accord signified a turning point to a tumultuous relationship between labour and capital
that had been marred by forty years of severe industrial strife. Employers had previously
relied on their superior economic power to dominate unions through the use of mass
lockouts. However, the electoral victories of the social democrats (S.A.P.) in 1932, 1934,
1936, and 1938 provided the labour movement with the political power to counter employer
actions (Korpi and Shalev, 1979; Korpi, 1983). Employers then realized that they were
unlikely to defeat unions through labour market pressure, and so settled on a compromise
as a way of preserving the power they still had (Korpi and Shalev, 1979; Korpi 1983). Both
parties thus agreed to recognize and cooperate with each other in promoting income growth
as an alternative to fighting over income shares (Korpi, 1983). Business declared its
nominal political neutrality with respect to the distributive policies of the welfare
state in exchange for policies that favored capital accumulation and development in the
private sector. The L.O. consented to these arrangements in the belief that greater
industrial concentration, following naturally from increased economic development, would
facilitate the government's intentions to plan the economy and nationalize private
businesses (Korpi, 1983). S.A.P. and L.O. Leaders also regarded business acquiescence as
indispensable to the rapid introduction of policies for redistributing income and
achieving full-employment (Korpi, 1983).
The active labour market policy began as a modest unemployment reduction program in
1947. It was established on the recommendation of the 1944 Myrdal Commission that
employment services, vocational counseling, and incentives for geographical mobility were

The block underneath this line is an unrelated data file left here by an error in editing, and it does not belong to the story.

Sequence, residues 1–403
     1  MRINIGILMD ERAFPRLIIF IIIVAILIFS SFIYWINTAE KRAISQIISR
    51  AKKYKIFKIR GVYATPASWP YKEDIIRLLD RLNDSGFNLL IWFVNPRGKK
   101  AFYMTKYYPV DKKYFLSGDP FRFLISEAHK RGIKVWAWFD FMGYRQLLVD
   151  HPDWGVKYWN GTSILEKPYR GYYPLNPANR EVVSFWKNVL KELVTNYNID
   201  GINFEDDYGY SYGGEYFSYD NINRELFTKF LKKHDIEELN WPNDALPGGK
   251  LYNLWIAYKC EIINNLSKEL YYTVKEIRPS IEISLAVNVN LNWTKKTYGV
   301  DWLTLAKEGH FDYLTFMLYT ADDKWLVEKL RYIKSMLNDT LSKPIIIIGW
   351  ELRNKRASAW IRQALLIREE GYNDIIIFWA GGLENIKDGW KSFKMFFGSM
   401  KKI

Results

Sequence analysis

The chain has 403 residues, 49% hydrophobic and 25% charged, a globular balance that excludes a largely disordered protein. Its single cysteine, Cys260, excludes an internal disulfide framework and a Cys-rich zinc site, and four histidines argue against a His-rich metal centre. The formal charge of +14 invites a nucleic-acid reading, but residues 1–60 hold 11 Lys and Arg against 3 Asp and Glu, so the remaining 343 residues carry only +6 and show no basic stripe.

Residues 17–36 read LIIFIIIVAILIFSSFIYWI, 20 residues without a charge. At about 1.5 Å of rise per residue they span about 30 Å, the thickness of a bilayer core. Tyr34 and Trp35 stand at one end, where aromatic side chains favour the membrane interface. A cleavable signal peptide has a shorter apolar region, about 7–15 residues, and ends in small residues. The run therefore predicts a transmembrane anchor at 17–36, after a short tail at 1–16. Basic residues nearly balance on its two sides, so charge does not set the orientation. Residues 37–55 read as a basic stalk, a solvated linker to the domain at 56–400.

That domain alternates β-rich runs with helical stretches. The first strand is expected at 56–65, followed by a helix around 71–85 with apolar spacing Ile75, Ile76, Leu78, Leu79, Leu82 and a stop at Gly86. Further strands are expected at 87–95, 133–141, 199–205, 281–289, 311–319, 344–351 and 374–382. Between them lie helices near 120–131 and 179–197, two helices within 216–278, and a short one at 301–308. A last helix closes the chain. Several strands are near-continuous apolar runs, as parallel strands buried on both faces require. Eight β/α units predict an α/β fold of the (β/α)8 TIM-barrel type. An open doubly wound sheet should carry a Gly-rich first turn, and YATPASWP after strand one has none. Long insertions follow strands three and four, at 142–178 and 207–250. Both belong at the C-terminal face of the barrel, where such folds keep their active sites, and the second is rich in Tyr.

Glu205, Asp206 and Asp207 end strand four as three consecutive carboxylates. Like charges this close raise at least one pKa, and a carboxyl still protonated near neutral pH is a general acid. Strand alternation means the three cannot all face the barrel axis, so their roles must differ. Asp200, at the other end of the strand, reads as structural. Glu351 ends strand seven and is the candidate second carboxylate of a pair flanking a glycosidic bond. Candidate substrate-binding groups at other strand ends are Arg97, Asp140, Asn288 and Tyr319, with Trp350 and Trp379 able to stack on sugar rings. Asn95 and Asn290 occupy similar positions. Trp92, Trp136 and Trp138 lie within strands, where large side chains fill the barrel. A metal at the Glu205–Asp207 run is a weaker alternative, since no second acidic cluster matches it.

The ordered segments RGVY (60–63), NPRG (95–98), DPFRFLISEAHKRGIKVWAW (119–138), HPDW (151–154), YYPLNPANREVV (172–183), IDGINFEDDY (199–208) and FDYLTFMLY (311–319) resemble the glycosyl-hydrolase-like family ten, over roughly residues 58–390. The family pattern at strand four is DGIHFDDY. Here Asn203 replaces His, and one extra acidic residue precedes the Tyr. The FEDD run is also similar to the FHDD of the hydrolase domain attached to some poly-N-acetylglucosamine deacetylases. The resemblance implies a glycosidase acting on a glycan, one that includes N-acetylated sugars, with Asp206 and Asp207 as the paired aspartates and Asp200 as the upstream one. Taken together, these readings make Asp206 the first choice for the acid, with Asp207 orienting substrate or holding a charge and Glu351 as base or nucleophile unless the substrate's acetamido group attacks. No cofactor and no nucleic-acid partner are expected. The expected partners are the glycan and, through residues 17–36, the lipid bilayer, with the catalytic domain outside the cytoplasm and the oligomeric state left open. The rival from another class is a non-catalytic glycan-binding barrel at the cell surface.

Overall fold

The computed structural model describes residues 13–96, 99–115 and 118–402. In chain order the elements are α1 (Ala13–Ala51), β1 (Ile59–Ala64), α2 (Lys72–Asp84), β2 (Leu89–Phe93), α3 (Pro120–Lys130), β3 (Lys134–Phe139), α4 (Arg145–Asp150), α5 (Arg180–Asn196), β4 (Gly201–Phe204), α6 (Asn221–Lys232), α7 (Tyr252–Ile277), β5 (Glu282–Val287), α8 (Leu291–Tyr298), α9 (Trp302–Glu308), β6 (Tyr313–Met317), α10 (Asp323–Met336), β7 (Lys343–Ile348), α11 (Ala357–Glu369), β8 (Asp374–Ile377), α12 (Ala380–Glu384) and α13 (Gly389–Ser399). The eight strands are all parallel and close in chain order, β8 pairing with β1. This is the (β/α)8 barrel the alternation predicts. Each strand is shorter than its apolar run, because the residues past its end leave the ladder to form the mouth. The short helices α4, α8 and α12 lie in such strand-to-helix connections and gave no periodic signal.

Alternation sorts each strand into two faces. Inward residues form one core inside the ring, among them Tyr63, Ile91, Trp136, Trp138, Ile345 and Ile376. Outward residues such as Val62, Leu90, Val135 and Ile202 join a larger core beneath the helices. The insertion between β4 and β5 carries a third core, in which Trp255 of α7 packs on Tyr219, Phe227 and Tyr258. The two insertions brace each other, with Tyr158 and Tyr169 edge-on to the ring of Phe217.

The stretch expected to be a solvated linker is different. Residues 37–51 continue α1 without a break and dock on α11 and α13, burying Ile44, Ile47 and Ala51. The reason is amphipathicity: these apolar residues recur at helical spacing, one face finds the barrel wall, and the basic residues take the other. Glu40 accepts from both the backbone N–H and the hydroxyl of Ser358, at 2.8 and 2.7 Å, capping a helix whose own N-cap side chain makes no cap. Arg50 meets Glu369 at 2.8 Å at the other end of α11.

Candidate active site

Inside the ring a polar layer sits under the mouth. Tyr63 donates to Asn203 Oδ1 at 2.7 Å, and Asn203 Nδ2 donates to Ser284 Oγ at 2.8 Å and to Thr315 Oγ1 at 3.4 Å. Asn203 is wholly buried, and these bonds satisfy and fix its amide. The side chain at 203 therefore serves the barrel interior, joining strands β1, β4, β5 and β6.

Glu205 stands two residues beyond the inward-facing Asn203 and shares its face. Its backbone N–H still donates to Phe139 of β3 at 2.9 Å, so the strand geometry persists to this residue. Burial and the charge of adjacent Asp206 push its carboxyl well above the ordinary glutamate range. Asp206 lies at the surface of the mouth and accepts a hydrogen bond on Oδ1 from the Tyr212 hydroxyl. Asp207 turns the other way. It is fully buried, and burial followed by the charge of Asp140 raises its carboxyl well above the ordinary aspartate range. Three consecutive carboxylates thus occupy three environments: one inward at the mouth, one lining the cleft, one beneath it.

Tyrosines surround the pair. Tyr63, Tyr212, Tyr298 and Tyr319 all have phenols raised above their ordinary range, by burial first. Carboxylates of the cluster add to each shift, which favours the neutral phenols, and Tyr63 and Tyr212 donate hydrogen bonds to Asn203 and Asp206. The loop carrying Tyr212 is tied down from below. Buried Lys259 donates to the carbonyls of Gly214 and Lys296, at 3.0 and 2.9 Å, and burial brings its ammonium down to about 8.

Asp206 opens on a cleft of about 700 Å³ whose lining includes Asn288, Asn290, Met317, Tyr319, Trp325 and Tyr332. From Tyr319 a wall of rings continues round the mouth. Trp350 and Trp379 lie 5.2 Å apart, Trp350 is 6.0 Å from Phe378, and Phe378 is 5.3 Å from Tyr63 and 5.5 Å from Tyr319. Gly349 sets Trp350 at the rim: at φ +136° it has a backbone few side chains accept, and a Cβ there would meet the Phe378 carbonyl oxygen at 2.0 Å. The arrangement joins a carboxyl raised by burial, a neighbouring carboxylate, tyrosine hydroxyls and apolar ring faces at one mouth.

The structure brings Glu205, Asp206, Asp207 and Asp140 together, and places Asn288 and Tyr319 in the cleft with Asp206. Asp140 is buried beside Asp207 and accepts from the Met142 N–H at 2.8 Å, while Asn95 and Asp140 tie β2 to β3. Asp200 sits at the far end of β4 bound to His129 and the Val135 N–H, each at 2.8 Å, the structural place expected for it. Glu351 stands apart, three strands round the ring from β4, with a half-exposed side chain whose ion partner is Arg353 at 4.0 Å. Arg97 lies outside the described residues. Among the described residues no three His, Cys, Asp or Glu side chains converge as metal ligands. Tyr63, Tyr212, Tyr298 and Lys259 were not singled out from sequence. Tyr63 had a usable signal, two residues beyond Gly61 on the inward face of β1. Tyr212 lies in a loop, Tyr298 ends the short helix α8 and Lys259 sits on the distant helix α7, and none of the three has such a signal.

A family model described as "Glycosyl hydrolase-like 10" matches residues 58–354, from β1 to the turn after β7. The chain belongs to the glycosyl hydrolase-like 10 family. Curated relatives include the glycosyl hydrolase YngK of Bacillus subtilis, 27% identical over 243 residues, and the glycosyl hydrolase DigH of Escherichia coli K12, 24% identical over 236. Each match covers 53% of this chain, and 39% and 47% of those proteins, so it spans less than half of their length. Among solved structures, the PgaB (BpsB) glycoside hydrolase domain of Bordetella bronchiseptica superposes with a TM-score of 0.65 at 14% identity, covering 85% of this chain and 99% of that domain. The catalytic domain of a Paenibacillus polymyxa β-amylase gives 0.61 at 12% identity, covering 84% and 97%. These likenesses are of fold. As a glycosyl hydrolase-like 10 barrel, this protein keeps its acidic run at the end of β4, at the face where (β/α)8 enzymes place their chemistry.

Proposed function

needed to successfully redeploy labour from wartime to civilian industries (Jangenas,
1985). A Labour Market Administration was established with policies conceived by the
Labour Market Board (A.M.S.) and executed by several hundred local employment services
(Rothstein, 1985). A full-employment mandate was assigned, but only as a complement to the
Keynesian fiscal and monetary measures used to achieve full-employment. However, this
mandate greatly expanded in the 1950s when the active labour market policy was given the
pre-eminent roles of achieving both full employment and accelerated economic growth in
accordance with the spirit of the Saltsjobaden Agreement.
The trigger for change came with the failure of the social democratic (S.A.P.)
government's Keynesian fiscal policy to generate low unemployment and inflation in the
late 1940s. In 1951, economists Gosta Rehn and Rudolf Meidner of the Swedish Trade Union
Confederation (L.O.) responded by devising the 'Swedish model' to simultaneously achieve
full-employment, moderate inflation, decreased wage inequality, and increased economic
growth. Their comprehensive plan thus promised to fulfill the main aims of the
Saltsjobaden Agreement. The socialists were assured full-employment and reduced income
inequality, while the capitalists were assured a vibrant private-sector economy with the
capacity to fund the socialists' welfare state. However, the S.A.P. government originally
rejected this proposal because of the unpopular taxes required to finance it and because
their Agrarian Party coalition partner feared that any abandonment of Keynesianism would
raise the interests costs of heavily-indebted farmers (Rehn 1984). Instead, the government
chose to continue with a "a high level of overall effective demand to ensure
full-employment", but "in combination with a vast system of regulations (price,
trade, and investment controls) and more or less formalized agreements with the trade
unions on anti-inflationary restraint" (Rehn 1984: 5). These arrangements broke down
when employers, in their desperate efforts to overcome a chronic labour shortage, offered
wage increases in excess of those demanded by the L.O.. At this point, the government
realized that continuing its policies would encourage members to desert their unions in
order to obtain higher wage increases, thereby damaging the S.A.P.'s primary source of
electoral support and financing (Rehn 1984). For this reason, the 'Swedish model' was
eventually endorsed in 1955 by both wings of the labour movement, the S.A.P. and the L.O.,
and implemented in a coordinated effort after 1956.
The two arms of the labour movement divided their responsibilities for achieving the